Just rent, not buy, poll automation equipment
SPLURGE: Instead of buying expensive election equipment that will require costly maintenance and become obsolete during the three-year wait for the next polls, the Commission of Elections should just lease the machines each time they are needed.
The way we throw away money on equipment that do not last long enough to justify their heavy price tags — not to mention the commissions that pad the cost — one would think we print money faster than we can spend it.
The House appropriations committee has just approved some P11.3 billion for automated voting equipment for the 2010 elections. That is FOUR TIMES the P3 billion that the Comelec under chairman Benjamin Abalos threw into a sinkhole in 2004.
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GUIDED BY GOAL: The management objective in May 2010 is to speed up and ensure the integrity of the electoral process.
We assume that automating the key stages — including the casting of the ballots, the counting of the votes, the consolidation and transmission of the count — with the use of high technology will achieve the objective.
Question: Can we not attain the same objective — and spend considerably less money — by just leasing or renting the equipment instead of purchasing and then getting stuck with them as they gather dust and grow obsolete?
Why do we prefer the more expensive route to reach the defined destination?
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LEARNING LESSONS: Somebody should compel the Comelec under chairman Jose Melo to tell the paying public what ever happened to the computerized equipment bought, but not used, by the unlamented Abalos commissoners.
Show in the audio-visual mass media the relics of that multibillion-peso scandal, so its lesson will be etched deeper in the public mind.
The Commission on Audit can recap how much money we lost on that deal, how much we continue to lose by providing warehousing and maintenance for those useless Abalos contraptions procured under a cloud.
The Supreme Court no less struck down the purchase contract as invalid and ordered the prosecution of (ir)responsible officials.
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FOOLING THE PEOPLE: It is cruel to appeal to the patriotism of Filipinos, ask them to troop to the polls and vote wisely if the process is not clean. We are actually luring them into innocently validating the cheating and participating in a massive fraud.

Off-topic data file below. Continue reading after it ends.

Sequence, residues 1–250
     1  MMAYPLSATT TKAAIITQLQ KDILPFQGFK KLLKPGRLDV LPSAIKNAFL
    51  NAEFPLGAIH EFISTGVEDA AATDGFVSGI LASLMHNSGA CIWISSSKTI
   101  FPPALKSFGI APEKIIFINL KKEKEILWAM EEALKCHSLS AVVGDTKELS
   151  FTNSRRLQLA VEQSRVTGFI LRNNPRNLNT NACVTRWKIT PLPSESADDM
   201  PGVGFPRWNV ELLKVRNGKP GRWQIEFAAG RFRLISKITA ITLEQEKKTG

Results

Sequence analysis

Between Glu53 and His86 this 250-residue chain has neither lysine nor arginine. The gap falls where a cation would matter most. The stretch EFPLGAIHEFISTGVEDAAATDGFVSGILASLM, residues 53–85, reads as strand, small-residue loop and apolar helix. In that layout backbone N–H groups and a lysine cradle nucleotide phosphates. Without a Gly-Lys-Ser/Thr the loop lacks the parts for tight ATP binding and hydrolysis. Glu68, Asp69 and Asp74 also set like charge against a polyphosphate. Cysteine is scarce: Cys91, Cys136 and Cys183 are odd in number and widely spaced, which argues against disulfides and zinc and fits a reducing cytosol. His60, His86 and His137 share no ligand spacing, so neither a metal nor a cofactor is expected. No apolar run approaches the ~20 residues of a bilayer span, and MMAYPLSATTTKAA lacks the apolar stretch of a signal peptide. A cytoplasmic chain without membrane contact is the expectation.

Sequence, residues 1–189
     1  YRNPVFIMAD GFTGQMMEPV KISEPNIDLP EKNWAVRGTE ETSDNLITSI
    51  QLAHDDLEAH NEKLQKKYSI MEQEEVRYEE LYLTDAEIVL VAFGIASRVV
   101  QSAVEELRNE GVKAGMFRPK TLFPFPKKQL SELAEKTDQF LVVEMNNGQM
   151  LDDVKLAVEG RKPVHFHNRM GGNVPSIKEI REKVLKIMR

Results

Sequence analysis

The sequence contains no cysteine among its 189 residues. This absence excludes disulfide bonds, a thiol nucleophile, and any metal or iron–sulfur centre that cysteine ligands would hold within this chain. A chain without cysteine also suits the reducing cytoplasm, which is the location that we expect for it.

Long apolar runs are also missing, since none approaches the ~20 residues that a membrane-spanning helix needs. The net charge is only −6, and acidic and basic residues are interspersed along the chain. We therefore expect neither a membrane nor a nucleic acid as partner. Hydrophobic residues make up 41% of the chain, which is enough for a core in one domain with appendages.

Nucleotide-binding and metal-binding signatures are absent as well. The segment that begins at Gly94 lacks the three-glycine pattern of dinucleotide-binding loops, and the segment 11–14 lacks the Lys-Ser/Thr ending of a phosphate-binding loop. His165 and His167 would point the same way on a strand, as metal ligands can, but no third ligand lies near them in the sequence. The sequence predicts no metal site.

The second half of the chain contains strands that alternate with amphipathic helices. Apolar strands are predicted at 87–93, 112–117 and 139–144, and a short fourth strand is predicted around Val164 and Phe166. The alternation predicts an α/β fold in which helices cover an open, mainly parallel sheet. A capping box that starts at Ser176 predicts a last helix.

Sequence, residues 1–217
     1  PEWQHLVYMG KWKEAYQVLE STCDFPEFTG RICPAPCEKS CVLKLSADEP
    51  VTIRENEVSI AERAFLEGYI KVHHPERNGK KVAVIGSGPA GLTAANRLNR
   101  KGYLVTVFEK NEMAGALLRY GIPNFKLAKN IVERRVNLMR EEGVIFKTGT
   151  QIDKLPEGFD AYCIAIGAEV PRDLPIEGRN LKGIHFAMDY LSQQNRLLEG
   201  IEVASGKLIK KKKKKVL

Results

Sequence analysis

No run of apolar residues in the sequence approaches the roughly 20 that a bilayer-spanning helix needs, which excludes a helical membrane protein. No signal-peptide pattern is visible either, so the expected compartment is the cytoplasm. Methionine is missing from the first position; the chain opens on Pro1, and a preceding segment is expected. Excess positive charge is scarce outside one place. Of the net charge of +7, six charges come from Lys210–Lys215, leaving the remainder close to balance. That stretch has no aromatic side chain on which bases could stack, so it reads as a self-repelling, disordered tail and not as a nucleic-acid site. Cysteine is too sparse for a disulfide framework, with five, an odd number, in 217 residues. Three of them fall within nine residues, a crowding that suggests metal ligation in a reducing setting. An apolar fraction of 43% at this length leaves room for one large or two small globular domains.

In all electoral contests involving national officials (president, vice president and senators), despite pleas of complainant to go down to the contested precinct count this is never done.
In national elections, the veteran cheaters do not bother with the precincts anymore. They spend big money on operators who manufacture spurious canvass reports on the provincial and national levels.
The national candidate who does not contract these operators, some of whom are in the Comelec, and is unable or is unwilling to pay them is always in danger of losing.
The automation of elections is supposed to eliminate these operators, or leave them at least two steps behind until they are able to figure out new ways of rigging the results.
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GARBAGE IN: The vaunted hi-tech machines whose purchase diverts billions from the basic needs of the masses will be wasted if we do not purge and update the voters’ list BEFORE the automated elections.
There is supposed to be an ongoing registration and, we were told, a continuing purge of fictitious and unqualified voters. But how far and how deep has this cleanup gone?
Alas, the cleanup of the voters’ registries does not seem to elicit the same excitement among Comelec officials as the purchase of expensive automation equipment. How clean are the registries now?
So on Election Day (yes, Virginia, there will be elections in May 2010), we may just be feeding the automated machines tons of data mixed with garbage, and they in turn be spitting out garbage.
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RECALL POLLS: Somebody who looked like Atty. Romulo Macalintal told me that it is not true that the Comelec has given the final green light to the recall of Pampanga Gov. Eddie “Among Ed” Panlilio and the setting of a special election.
Macalintal, who is starting to sound senatorial, happens to be the common election lawyer of President Gloria Arroyo and Among Ed. That he can juggle the two headstrong clients is a testimony to his political skill.
What actually happened, he said by way of clarifying an earlier Postscript, is that the Comelec asked the House — where all money measures originate — to appropriate some P93 million for possible recall elections in contested areas.
That fund request was taken by many as a hint that the poll body was about to schedule recall elections in Pampanga.
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WHY ME ONLY?: Macalintal said it would be discriminatory and a violation of the equal protection clause in the Constitution for the Comelec to pay special attention to Pampanga whose governor is known to be at odds with President Arroyo.
Comelec lawyers, I am sure, can dismiss such an argument since a dearth of funds cannot allow the simultaneous holding of elections in all disputed towns, cities and provinces. Some of them may hold it ahead of the others.
Just like in traffic enforcement, a violator cannot reject a citation by asking the accosting officer why he is cracking down on him and not other violators.
I once tried this “Why me?” line with a California Highway Patrol who caught me going beyond the speed limit. I pointed to the others zooming past us. “Don’t worry,” he said, continuing to write the ticket. “We’ll get them.”
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